DAVID GRISMAN AND TONY RICE
Now that Tony Rice is essentially retired from active playing, chances to hear new recordings from him lie in the archives. That’s what this recording is, a two-CD set from a live show he and David Grisman recorded in 1997 in North Carolina. At the time, their recording Tone Poems was somewhat new, and it’s from that recording that just over half the 23 tunes played on this album come. In fact, Grisman and Rice fall only four short of playing the entire Tone Poems album.
As live recordings go, this is a good one. The two are masters of knowing how to work microphones, laying out, and moving in. The guitar and mandolin are well-suited to duet recordings. The tone is excellent and there’s some room ambiance, as there should be, or else why record live? All that is a plus, as is the playing of Rice and Grisman. But then, that goes without saying.
Of the two discs, the first is the most varied and energetic. More upbeat tunes are included, among them explosive versions of “Good Old Mountain Dew,” “Eighth Of January,” and “Ralph’s Banjo Special.” There’s a fine nod to Django Reinhardt on “Swing 42” and a nod to the early Grisman Quintet recordings on “Opus 38.” They’re balanced by slower, bluesier covers of “Watson Blues,” “I Am A Pilgrim,” and Rice’s solo of “Shenandoah.” Disc two is filled with slower tunes, many with long rubato intros. The best here are the melodic “Banks Of The Ohio” and the swift “Fanny Hill.” And “O, Solo Mio” makes for a nice closer.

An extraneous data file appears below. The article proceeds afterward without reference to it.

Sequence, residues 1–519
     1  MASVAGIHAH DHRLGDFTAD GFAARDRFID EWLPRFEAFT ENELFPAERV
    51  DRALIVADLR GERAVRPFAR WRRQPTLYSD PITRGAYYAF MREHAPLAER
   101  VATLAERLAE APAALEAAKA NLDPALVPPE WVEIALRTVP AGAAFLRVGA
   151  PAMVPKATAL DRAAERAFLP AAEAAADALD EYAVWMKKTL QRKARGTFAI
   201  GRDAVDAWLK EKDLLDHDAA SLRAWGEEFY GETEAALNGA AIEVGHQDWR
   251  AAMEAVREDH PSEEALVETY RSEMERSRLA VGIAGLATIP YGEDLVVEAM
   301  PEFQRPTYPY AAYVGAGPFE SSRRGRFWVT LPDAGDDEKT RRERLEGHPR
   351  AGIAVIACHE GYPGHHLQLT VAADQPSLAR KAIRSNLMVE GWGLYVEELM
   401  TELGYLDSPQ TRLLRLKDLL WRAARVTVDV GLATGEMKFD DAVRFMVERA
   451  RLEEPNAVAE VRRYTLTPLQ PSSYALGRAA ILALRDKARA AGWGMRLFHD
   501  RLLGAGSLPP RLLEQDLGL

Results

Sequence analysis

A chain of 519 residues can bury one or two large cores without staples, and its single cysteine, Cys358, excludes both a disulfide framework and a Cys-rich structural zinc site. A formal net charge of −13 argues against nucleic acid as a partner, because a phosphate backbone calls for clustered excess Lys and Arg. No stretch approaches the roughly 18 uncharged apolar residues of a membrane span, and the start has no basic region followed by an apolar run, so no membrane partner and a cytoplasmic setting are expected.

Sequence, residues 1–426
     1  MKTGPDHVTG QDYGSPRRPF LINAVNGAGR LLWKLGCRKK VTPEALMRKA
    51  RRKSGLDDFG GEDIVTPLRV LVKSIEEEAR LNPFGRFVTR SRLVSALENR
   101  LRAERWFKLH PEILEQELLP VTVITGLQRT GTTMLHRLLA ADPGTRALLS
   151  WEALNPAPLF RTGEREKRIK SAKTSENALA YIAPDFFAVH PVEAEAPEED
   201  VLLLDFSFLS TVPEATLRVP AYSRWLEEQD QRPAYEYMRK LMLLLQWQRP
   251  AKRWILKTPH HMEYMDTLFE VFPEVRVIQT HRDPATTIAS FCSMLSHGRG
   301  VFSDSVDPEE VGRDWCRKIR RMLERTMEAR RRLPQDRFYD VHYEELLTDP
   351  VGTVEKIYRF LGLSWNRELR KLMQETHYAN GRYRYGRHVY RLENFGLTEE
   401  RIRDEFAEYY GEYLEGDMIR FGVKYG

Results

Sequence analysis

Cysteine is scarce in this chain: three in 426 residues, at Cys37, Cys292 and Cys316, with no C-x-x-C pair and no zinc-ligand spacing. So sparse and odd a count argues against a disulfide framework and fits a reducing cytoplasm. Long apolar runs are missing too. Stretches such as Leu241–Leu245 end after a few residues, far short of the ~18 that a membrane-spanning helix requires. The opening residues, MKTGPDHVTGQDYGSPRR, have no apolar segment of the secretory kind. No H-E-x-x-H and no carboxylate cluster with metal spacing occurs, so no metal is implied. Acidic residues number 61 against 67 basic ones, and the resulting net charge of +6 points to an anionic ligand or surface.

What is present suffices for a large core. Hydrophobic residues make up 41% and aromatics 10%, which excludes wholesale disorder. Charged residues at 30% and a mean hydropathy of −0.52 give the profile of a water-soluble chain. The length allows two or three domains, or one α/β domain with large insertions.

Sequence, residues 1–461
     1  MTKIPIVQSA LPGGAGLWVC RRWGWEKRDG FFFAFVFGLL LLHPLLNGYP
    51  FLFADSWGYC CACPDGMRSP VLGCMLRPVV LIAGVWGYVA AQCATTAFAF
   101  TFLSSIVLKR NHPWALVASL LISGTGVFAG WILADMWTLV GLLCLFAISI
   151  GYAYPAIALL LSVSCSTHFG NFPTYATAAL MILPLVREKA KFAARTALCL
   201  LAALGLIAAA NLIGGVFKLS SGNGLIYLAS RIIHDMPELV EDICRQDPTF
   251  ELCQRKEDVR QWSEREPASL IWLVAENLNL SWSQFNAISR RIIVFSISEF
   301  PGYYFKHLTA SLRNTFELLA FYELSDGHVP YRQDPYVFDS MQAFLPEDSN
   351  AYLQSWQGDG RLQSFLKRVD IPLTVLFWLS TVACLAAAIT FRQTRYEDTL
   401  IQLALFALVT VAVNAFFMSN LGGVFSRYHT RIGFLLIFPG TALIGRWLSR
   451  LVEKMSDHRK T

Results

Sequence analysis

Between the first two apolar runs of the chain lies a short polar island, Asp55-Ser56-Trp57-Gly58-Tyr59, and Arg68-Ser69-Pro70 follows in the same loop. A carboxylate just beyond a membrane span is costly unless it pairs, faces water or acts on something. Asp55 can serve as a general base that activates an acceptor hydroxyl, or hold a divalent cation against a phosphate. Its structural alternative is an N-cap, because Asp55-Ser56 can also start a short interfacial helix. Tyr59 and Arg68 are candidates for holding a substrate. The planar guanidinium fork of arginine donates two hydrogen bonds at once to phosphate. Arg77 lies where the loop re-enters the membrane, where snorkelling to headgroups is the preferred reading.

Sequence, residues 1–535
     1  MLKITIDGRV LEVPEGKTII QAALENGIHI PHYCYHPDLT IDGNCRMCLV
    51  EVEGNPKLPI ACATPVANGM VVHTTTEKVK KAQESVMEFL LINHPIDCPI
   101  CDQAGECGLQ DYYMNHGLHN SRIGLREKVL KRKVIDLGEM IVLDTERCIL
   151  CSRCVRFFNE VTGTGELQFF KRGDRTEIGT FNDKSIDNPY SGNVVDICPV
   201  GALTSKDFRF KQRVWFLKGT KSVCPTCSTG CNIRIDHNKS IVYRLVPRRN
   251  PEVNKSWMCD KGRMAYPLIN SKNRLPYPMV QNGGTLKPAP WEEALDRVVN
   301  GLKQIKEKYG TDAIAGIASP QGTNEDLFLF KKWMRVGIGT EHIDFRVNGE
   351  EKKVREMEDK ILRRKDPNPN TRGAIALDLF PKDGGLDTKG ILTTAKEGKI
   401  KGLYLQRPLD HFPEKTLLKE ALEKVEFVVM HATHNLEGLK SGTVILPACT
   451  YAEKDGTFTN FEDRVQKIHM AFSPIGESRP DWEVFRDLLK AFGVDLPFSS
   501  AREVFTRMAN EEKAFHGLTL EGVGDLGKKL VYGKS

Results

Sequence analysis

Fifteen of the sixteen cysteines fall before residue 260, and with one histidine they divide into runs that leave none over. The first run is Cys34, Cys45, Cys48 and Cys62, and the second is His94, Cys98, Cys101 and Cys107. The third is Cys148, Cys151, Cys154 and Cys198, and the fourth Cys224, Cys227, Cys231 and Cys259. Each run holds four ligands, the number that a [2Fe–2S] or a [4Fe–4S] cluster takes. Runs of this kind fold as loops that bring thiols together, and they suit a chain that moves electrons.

I could have done with cutting some of the spoken introductions, and particularly with Rice’s tendency to noodle while Grisman is talking. Those are small prices to pay, however, for another chance to hear the artistry of Grisman and Rice at the top of their game. (Acoustic Disc, P.O. Box 4143, San Rafael, CA 94913, www.acousticdisc.com.)BW